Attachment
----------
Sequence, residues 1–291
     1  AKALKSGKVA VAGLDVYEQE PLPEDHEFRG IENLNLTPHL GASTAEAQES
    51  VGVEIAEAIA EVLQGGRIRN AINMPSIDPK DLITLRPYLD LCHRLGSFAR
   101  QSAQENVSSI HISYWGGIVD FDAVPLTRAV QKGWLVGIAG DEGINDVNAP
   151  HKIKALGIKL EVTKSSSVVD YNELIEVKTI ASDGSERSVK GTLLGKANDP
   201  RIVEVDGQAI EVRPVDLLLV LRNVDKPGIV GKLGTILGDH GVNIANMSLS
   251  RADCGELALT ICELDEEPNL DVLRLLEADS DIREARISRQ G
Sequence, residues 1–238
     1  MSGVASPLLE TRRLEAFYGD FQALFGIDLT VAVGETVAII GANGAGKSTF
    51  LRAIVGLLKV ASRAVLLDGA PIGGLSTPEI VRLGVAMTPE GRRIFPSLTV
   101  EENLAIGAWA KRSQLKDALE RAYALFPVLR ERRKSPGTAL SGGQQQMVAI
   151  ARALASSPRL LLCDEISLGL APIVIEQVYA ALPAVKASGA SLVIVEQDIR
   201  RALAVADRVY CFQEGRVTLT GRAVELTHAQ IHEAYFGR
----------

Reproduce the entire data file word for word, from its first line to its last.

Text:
Sequence, residues 1–291
     1  AKALKSGKVA VAGLDVYEQE PLPEDHEFRG IENLNLTPHL GASTAEAQES
    51  VGVEIAEAIA EVLQGGRIRN AINMPSIDPK DLITLRPYLD LCHRLGSFAR
   101  QSAQENVSSI HISYWGGIVD FDAVPLTRAV QKGWLVGIAG DEGINDVNAP
   151  HKIKALGIKL EVTKSSSVVD YNELIEVKTI ASDGSERSVK GTLLGKANDP
   201  RIVEVDGQAI EVRPVDLLLV LRNVDKPGIV GKLGTILGDH GVNIANMSLS
   251  RADCGELALT ICELDEEPNL DVLRLLEADS DIREARISRQ G
Sequence, residues 1–238
     1  MSGVASPLLE TRRLEAFYGD FQALFGIDLT VAVGETVAII GANGAGKSTF
    51  LRAIVGLLKV ASRAVLLDGA PIGGLSTPEI VRLGVAMTPE GRRIFPSLTV
   101  EENLAIGAWA KRSQLKDALE RAYALFPVLR ERRKSPGTAL SGGQQQMVAI
   151  ARALASSPRL LLCDEISLGL APIVIEQVYA ALPAVKASGA SLVIVEQDIR
   201  RALAVADRVY CFQEGRVTLT GRAVELTHAQ IHEAYFGR